Thursday, October 31, 2013

Mayumi Oda: On Energy of Change, Feminization, and New Birth of Japan

"Earth Ship" by Mayumi Oda  (Image: Safe Energy Handbook

Longtime nuclear-free activist and visual artist Mayumi Oda shared her wisdom in "On Energy of Change, Feminization, and New Birth of Japan," a 2012 interview with Alice Miyagawa published at Kyoto Journal.  A few excerpts: 
You were interviewed previously for Kyoto Journal following the Tokaimura nuclear accident in the summer of 1999, when you lived in California. You said that you had come to Japan to help empower people, especially women, in response to the government’s negligence in handling the issue. Then, at the turn of the millennium, you moved from California to Hawai’i. That seems to have marked a turning point in your life...

Until 1999 I had really tried to focus my work to let people know the dangers of having nuclear [power plants] on earthquake faults. I couldn’t convince them. I already saw the possibilities of disaster. I thought it would be in Tokai, or Hamaoka, near Tokyo. I was terribly, terribly worried. I had worked nearly nine years in the antinuclear movement. I was very discouraged that Japan was not really responding to the danger.

 I was just very tired, and I felt like I had to rebuild a new life. So I chose Hawai’i to do sustainable living, making a farm, to show people that there’s another way to live. I felt like somebody had to be doing this — not just thinking about the possibility, but practicing it. Hawai’i taught me to live with aloha, within an island. In 2000 I bought the farm [Ginger Hill Farm and Retreat, in Kealakekua, meaning the Path of God], and for eleven years I have worked on it. I have probably educated about two hundred young people, just to live hopefully sustainably through farming, through eating the right things, making medicines, cleansing, healing oneself with herbs and the things that we grow.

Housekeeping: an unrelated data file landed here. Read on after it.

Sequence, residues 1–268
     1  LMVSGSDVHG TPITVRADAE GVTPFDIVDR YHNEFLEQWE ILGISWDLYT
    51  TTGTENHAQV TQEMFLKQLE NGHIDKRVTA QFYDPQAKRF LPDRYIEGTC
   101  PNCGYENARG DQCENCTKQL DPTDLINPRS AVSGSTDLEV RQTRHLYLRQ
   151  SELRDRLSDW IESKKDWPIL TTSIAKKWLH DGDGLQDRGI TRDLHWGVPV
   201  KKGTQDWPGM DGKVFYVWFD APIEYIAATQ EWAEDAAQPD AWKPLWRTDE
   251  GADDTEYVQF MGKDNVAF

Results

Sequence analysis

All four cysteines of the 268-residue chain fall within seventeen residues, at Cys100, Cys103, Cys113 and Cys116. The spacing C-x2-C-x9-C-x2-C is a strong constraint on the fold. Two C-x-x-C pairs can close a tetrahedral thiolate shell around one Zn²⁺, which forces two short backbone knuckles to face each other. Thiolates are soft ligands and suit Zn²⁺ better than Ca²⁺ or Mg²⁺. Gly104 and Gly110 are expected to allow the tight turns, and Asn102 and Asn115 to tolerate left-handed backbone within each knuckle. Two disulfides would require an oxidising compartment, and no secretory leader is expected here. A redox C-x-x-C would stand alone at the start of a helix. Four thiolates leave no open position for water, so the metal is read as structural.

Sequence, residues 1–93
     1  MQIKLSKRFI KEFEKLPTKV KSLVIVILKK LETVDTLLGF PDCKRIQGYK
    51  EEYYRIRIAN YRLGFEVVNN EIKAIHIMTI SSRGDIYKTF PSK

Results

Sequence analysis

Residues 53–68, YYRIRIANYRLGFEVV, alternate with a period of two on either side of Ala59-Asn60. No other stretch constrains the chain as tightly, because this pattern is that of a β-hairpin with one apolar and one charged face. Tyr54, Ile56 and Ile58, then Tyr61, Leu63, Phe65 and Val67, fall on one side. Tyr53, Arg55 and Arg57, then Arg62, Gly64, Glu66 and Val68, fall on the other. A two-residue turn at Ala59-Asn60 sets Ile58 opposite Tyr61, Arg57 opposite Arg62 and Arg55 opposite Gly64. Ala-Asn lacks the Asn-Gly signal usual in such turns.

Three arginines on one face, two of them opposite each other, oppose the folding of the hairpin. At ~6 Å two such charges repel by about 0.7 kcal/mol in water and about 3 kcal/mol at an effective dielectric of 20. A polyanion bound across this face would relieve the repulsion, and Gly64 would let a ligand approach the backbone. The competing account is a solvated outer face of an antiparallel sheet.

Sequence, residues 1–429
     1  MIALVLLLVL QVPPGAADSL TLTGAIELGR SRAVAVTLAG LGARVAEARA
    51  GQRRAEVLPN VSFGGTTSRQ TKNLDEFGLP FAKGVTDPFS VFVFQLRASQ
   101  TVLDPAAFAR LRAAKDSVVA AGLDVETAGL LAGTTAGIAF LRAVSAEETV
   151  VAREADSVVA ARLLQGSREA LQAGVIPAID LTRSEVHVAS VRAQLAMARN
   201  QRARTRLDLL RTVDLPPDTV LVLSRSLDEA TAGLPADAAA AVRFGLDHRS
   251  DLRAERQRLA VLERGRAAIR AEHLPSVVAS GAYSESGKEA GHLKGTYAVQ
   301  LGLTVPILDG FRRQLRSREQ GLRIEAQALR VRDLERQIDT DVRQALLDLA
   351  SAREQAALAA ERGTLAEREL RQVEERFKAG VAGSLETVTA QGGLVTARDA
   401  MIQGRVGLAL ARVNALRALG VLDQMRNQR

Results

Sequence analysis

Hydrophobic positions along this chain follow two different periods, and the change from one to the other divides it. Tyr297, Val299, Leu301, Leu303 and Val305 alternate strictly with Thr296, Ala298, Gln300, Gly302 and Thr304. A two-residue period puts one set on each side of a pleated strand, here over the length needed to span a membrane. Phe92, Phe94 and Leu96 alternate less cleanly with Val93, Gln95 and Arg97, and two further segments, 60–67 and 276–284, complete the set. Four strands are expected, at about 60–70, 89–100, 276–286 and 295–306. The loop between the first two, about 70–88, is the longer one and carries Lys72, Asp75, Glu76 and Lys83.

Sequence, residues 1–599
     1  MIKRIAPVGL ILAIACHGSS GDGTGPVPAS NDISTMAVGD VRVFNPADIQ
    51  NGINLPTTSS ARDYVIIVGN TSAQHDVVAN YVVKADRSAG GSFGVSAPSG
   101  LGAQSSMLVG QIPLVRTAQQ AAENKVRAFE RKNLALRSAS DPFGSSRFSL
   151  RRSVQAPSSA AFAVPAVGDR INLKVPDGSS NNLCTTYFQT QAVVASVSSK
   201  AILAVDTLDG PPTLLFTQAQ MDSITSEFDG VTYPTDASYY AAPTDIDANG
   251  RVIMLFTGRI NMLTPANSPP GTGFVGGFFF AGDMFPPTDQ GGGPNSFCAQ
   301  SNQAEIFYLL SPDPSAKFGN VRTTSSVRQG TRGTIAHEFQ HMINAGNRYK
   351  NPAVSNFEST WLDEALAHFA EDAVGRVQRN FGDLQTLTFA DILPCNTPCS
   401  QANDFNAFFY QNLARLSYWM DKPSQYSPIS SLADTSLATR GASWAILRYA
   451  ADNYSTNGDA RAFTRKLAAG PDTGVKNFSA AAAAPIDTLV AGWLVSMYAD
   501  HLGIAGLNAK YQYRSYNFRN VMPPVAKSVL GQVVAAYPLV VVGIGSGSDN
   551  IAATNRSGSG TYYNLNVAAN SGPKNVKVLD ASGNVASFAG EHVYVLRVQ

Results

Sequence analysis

I just finished painting a six-panel screen of mostly women marching towards Amaterasu the Sun Goddess — I painted about forty women, with a few men. They are all practitioners of my Goddess Academy, marching from the life they lived, to a more nature-based life, symbolized by Amaterasu — marching from an oil-based economy towards a solar-based economy...

...I painted a Sotatsu screen of the Gods of Wind and Thunder turned into females to bring more of the feminine into culture, especially Japanese culture, which really needs more feminine. Traditional culture has it, but somehow this modern culture in Japan became so Westernized that we gave up a lot of that stuff.

... I felt almost like the women in Fukushima all feel, and so it’s a lot of force and a strength — I felt that these Goddesses can somehow break through something that we are so up against. That’s how I painted those two Goddesses, to bring an energy of change that our country needs at this moment...

These are all yamato-e style paintings, the tradition is extremely old-fashioned. It’s been going on 1,300 years in Nara so I kept that tradition...So I decided that I will focus on this old beautiful tradition that our ancestors used, and with that how can I express who we are now in this time.

In 1993 I did some hand-scrolls called Random Kindness and Senseless Acts of Beauty [for] a story that was written by Anne Herbert and Margaret Pavel, right after I became an anti-nuclear activist, so my message was very anti-nuclear, anti-war and anti-violence, and how to live with the peace of others in the land. That was the story behind it. Now it’s a nine-meter scroll.

...So I did this work for the younger generations that we just deprived because of our own luxury, our own wantings, our own electricity, our rich food, we really just left such a legacy to these young people. It feels to me this is an apology — I’m sorry that we did so badly. I’m dedicating this to the younger generations. When I think about it, it just makes me so sad. Our generation was so bad, especially men in my generation, [they] could not think about anybody — they were so caught up in the Japanese becoming so wealthy, so luxurious, they were just awful, awful, so wrong...